The Office’s Creed stereotype holds true, at least when it comes to gender. Games are the most distracting for males, followed by phones (including social media, notifications, and selfies) and work interruptions. What’s least distracting for men happens to be the most distracting for women, in this order:
Maybe the kids just know better than to bother their dad when he’s busy playing with laser bees.
When we break it down by age group, younger cohorts who grew up smashing bricks with Mario and Luigi are more likely to get distracted by games. Games were the biggest work escape for 25-34 year-olds, followed by 18-24 and 35-44 year olds.
The most distractible workers overall were those over 65 years old, although they’re the least likely to be playing a game on the job. Instead of puzzling out a round of 2.5 hoursSudoku, the oldest cohort was especially prone to picking up their phones at work (strangely, they share this time waster with the youngest 18-24 year old workers).
For those 25-44, kids and pets were the biggest distraction. The average age for a woman to have her first child in the U.S. is just over 26 years old, and 76% of millennials own pets, so it’s unsurprising this age group loses the most work time to the needs of their charges.
Since gaming at work is such a big distraction for so many employees, we at Solitaired naturally wondered if our own users were sneaking around behind the boss’s back.
Do our users play to escape duties or simply for the love of the game?
To find out, we asked our Solitaired players about their employment status.
We found a majority, 53%, are retired folks, so they’re off the hook. We wanted to focus on the 17% of Solitaired players who were employed, so we asked them, “Are you supposed to be working right now?”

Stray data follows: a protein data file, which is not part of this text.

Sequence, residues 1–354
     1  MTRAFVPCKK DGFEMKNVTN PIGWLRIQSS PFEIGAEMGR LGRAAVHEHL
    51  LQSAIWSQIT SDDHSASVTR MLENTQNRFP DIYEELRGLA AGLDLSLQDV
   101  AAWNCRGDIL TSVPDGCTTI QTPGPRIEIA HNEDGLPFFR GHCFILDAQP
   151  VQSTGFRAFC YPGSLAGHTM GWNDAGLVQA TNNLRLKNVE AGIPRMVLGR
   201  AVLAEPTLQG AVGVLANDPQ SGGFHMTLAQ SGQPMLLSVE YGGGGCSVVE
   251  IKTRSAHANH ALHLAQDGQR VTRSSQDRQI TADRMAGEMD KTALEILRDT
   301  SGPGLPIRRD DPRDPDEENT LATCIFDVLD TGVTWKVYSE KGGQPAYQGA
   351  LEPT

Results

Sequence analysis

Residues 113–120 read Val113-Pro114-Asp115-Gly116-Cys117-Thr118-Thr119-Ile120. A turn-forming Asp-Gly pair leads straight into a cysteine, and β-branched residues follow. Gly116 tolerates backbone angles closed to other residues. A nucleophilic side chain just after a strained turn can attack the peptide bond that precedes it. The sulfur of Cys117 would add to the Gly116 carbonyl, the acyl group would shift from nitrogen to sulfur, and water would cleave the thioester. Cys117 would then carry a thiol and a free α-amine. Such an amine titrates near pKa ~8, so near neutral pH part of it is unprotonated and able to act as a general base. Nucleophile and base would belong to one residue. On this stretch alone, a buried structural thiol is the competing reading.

Of the 17% of players with jobs, 1 out of 3 say they do, in fact, play solitaire when they should be working.
Is that so bad?
Since the COVID-19 pandemic sent many computer workers to their home offices, employees haven’t been using their time to take it easy. They work longer hours, in isolation from coworkers, with more stress from all sides. Just 37% of them said the pandemic has been positive for their mental health.
It turns out that working from home may not have allowed for a better work-life balance. The pandemic’s remote employees spend 2.5 hours of their work day accessing non-work content digitally. But rather than doomscrolling, maybe they’re just enjoying a little stress-relief that’s saving them from burnout.
This survey confirms it: there’s a younger face of workday gaming displacing the Creeds of the world, suggesting we’ll see gaming remain a top work distraction for years to come.
However, games and work don’t have to be a forbidden combination. They can provide a welcome mental break and an opportunity for team building. Some forward-thinking companies have already welcomed trivia to their Slack channels and Among Us to their virtual happy hours.
Employers are getting in on the action in other ways, too. Those badges in your last training video? Those were built on the growing realization that games provide enhanced learning and motivation.
The workplace isn’t a virtual metaverse yet, but the future gamification of work might let workers do it all: relax, build relationships, recover, and then jump back in and work harder. Already, 89% say gaming in the workplace makes them more productive. It turns out that just as we need a work/life balance, we also need work/play balance.